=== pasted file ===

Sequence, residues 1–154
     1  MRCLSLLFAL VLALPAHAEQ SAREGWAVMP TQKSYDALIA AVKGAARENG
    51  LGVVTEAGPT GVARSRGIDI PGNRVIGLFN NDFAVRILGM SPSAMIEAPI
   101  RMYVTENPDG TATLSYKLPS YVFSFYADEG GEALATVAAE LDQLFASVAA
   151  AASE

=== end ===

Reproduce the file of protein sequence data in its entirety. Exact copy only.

Sequence, residues 1–154
     1  MRCLSLLFAL VLALPAHAEQ SAREGWAVMP TQKSYDALIA AVKGAARENG
    51  LGVVTEAGPT GVARSRGIDI PGNRVIGLFN NDFAVRILGM SPSAMIEAPI
   101  RMYVTENPDG TATLSYKLPS YVFSFYADEG GEALATVAAE LDQLFASVAA
   151  AASE